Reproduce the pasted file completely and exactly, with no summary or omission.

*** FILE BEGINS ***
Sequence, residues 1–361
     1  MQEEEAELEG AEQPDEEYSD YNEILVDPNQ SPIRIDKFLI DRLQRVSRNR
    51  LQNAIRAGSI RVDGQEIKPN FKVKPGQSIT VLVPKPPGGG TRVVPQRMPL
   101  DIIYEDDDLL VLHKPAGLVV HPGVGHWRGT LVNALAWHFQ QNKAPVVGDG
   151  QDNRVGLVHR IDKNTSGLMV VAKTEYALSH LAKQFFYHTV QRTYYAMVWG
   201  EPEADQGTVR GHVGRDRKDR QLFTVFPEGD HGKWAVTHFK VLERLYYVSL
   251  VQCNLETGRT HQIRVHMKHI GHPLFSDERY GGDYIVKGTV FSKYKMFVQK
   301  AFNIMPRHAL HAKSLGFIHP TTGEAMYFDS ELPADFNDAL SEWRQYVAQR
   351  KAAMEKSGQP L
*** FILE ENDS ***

Sequence, residues 1–361
     1  MQEEEAELEG AEQPDEEYSD YNEILVDPNQ SPIRIDKFLI DRLQRVSRNR
    51  LQNAIRAGSI RVDGQEIKPN FKVKPGQSIT VLVPKPPGGG TRVVPQRMPL
   101  DIIYEDDDLL VLHKPAGLVV HPGVGHWRGT LVNALAWHFQ QNKAPVVGDG
   151  QDNRVGLVHR IDKNTSGLMV VAKTEYALSH LAKQFFYHTV QRTYYAMVWG
   201  EPEADQGTVR GHVGRDRKDR QLFTVFPEGD HGKWAVTHFK VLERLYYVSL
   251  VQCNLETGRT HQIRVHMKHI GHPLFSDERY GGDYIVKGTV FSKYKMFVQK
   301  AFNIMPRHAL HAKSLGFIHP TTGEAMYFDS ELPADFNDAL SEWRQYVAQR
   351  KAAMEKSGQP L